Although chronic graft-versus-host disease (CGVHD) is the primary nonrelapse complication of allogeneic transplantation, understanding of its pathogenesis is limited. To identify the main operant pathways across the spectrum of CGVHD, we analyzed gene expression in circulating monocytes, chosen as in situ systemic reporter cells. Microarrays identified two interrelated pathways: 1) IFN-inducible genes, and 2) innate receptors for cellular damage. Corroborating these with multiplex RNA quantitation, we found that multiple IFN-inducible genes (affecting lymphocyte trafficking, differentiation, and Ag presentation) were concurrently upregulated in CGVHD monocytes compared with normal subjects and non-CGVHD control patients...
September 30, 2016: Journal of Immunology: Official Journal of the American Association of Immunologists
Genevieve M Crane, Mark A Samols, Laura A Morsberger, Raluca Yonescu, Michele L Thiess, Denise A S Batista, Yi Ning, Kathleen H Burns, Milena Vuica-Ross, Michael J Borowitz, Christopher D Gocke, Richard F Ambinder, Amy S Duffield
Tumor-associated inflammatory cells in classical Hodgkin lymphoma (CHL) typically outnumber the neoplastic Hodgkin/Reed-Sternberg (H/RS) cells. The composition of the inflammatory infiltrate, particularly the fraction of macrophages, has been associated with clinical behavior. Emerging work from animal models demonstrates that most tissue macrophages are maintained by a process of self-renewal under physiologic circumstances and certain inflammatory states, but the contribution from circulating monocytes may be increased in some disease states...
2016: PloS One
Esin Aktas Cetin, Leyla Pur Ozyigit, Yusuf Metin Gelmez, Erkan Cakir, Ahmet Hakan Gedik, Gunnur Deniz
OBJECTIVES: Childhood tuberculosis (TB) comprises an important part of the world's TB burden. Monocytes set up the early phase of infection because of innate immune responses. Understanding the changes in monocyte subsets during multisystem infectious diseases may be important for the development of novel diagnostic and therapeutic strategies. The aim of this study was to evaluate the monocyte phenotype together with the cytokine secretion profiles of children with pulmonary tuberculosis...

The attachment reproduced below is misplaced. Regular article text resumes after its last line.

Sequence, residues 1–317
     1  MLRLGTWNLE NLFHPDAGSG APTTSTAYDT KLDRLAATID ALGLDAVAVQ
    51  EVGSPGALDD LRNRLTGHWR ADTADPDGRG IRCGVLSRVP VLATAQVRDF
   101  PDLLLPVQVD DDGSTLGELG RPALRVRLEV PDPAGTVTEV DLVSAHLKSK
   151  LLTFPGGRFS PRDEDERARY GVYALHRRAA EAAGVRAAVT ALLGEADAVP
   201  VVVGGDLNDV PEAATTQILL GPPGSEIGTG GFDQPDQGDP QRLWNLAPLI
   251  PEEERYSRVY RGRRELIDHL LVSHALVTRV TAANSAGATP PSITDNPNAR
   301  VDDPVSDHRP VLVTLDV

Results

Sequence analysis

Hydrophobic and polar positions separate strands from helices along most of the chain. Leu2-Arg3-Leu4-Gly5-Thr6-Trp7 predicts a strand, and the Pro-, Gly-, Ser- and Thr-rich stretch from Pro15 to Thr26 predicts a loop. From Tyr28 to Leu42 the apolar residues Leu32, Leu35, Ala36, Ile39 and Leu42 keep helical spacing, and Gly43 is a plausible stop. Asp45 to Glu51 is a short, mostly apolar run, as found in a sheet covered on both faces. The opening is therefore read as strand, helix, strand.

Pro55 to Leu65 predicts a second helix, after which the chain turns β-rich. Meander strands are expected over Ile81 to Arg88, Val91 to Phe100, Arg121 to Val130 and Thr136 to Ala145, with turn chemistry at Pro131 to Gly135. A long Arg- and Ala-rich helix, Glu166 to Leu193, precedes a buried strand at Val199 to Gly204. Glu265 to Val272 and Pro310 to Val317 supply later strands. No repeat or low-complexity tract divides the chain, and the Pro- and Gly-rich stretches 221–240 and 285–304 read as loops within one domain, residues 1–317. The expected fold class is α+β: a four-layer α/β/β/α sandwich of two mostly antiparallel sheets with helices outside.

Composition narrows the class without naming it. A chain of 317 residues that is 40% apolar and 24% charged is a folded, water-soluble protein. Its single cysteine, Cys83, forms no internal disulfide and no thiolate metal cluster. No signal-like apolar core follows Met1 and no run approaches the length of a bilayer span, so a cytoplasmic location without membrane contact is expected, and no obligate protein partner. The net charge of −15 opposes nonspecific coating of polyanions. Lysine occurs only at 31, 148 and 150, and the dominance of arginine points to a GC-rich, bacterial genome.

September 29, 2016: Pediatric Pulmonology
Zongmei Wen, Zhen Lei, Lu Yao, Ping Jiang, Tao Gu, Feng Ren, Yan Liu, Chunyan Gou, Xiuhui Li, Tao Wen
Acute liver failure (ALF) is a life-threatening systemic disorder. Here we investigated the impact of circulating histones, recently identified inflammatory mediators, on systemic inflammation and liver injury in murine models and patients with ALF. We analyzed histone levels in blood samples from 62 patients with ALF, 60 patients with chronic liver disease, and 30 healthy volunteers. We incubated patients' sera with human L02 hepatocytes and monocytic U937 cells to assess cellular damage and cytokine production...
2016: Cell Death & Disease